Before falling for Miguel Faria’s paranoid rant, check out his website. The world is out to get you. Run, run, the sky is falling. I read both his website and his diatribe in Friday’s paper. Not impressed. I do think that Faria, Geraldine Parker and Bob White need to stop coming to the attention of the police so they won’t be searched in their houses and have their pictures taken. I would also like to know who, besides Geraldine Parker, has been stopped by the police to have their pictures taken. I never have. Maybe White gets stopped a lot, or Faria.
But then, I am just another sheep. That’s so easy to see, isn’t it?
-- Michael Collins
Which do you want?
The next time Republicans complain about the standard unemployment rate (U3), remind them that the unemployment rate when George W. Bush left office was 7.8 percent, after inheriting a 4.2 percent rate from Bill Clinton. The unemployment rate for January was 5.7 percent -- a reduction of 4.3 percent from the highest rate recorded in 2009 (10 percent).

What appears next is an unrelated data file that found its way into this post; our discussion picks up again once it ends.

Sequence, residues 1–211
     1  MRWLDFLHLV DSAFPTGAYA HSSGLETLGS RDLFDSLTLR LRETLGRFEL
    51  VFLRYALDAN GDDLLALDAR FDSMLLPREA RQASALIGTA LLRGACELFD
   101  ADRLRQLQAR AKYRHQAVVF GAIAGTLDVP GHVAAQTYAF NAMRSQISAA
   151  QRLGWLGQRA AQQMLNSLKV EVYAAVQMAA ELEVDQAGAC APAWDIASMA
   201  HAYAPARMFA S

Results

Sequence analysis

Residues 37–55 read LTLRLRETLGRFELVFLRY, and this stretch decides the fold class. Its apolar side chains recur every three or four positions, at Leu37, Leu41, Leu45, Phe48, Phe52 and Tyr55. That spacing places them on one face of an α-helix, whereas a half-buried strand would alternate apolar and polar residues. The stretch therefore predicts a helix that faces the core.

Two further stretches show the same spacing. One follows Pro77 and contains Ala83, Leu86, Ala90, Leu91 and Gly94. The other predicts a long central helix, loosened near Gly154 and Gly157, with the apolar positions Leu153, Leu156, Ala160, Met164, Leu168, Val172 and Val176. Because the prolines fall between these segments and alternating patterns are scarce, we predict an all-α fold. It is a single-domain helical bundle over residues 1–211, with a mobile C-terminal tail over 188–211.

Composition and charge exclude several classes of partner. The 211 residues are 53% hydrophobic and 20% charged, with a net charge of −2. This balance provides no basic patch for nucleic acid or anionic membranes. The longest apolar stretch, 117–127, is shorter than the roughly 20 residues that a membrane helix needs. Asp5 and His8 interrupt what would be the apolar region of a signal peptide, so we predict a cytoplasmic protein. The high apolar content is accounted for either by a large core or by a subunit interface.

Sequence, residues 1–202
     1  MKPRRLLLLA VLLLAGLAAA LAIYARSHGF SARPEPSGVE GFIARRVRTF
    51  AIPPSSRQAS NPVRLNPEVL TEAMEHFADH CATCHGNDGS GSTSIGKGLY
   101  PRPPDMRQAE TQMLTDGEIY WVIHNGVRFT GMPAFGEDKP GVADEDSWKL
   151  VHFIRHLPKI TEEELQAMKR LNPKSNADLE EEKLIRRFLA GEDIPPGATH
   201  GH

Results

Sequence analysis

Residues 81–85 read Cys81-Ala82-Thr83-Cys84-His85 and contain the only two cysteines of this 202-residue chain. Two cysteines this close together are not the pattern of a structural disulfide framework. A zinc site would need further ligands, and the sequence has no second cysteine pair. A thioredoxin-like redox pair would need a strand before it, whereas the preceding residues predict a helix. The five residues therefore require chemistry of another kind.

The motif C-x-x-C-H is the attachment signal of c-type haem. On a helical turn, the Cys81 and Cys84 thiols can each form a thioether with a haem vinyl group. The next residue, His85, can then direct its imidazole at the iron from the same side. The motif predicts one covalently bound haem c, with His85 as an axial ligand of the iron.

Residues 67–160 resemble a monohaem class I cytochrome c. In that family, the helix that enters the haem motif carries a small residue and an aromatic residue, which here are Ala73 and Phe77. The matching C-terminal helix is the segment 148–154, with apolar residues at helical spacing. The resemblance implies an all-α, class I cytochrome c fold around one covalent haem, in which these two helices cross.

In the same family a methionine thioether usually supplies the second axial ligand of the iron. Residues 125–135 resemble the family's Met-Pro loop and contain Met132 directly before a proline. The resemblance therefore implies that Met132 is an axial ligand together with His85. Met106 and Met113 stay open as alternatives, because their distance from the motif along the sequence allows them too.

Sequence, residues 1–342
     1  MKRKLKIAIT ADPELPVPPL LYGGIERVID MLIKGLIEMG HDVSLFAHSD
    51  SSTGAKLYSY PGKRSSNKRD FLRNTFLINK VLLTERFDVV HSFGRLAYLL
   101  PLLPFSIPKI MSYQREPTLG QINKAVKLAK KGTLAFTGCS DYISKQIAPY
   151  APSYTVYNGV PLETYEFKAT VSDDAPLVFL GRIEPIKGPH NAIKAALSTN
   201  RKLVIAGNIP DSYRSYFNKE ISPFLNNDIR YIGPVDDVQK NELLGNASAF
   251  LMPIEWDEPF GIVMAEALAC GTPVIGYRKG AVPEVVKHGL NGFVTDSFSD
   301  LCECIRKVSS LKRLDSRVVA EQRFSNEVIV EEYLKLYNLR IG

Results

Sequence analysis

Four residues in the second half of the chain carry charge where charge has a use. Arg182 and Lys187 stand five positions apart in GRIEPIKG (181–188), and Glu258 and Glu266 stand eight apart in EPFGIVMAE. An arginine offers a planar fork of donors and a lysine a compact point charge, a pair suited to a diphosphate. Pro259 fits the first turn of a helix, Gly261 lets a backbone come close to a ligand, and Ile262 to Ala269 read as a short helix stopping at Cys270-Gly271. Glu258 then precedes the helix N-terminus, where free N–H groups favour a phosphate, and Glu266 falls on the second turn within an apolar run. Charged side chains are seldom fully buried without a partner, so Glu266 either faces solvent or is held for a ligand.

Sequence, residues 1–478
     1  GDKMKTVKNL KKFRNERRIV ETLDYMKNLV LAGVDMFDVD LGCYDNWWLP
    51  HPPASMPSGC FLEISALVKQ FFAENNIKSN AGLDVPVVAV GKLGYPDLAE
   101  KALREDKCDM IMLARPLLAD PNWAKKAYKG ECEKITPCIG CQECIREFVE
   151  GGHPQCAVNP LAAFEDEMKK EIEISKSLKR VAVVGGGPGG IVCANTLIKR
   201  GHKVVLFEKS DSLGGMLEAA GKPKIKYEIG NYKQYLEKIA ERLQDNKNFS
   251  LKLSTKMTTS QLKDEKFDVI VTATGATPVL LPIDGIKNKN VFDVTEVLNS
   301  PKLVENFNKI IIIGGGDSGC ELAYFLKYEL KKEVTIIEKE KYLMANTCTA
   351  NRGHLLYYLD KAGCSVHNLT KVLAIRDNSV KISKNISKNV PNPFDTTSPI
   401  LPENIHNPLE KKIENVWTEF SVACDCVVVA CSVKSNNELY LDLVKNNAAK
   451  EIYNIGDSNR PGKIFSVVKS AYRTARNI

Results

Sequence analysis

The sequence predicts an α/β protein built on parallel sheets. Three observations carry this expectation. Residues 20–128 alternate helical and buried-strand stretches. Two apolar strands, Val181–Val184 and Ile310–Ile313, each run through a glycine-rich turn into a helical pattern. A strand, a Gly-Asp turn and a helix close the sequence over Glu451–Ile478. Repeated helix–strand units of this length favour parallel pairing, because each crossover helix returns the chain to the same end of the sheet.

When Republicans counter with what the “real unemployment rate” (U6) is, let them know that the “U6” has fallen at an even greater amount than the standard unemployment rate (U3) has -- from 17.1 percent in 2009 to 11.3 percent in January 2015 -- a reduction of 5.8 percent.
Of course, as their talking points continue to fall, they are certain to bring up current-day Labor Participation Rates (LPR). They will naturally point to the 62.7 percent (December 2014) LPR -- as if the LPR is the dominant indicator of the current job market. That is interesting, given that the historical average LPR is but 63.01 percent over the past 50 years, per TrendingEconomics.com.
But when they do bring up the LPR, this is where the game ends. Simply ask them this and be ready for that “deer in the headlights look.” Which would you rather have -- a LPR of 64.6 percent, 66.2 percent, as it was in 2008 and 2009 when our economy lost 9 million jobs, or a current LPR of 62.7 percent -- 62.9 percent, with roughly 250,000 jobs being added each month and nearly 12 million jobs added over the past 59 months?
-- Keith Berkner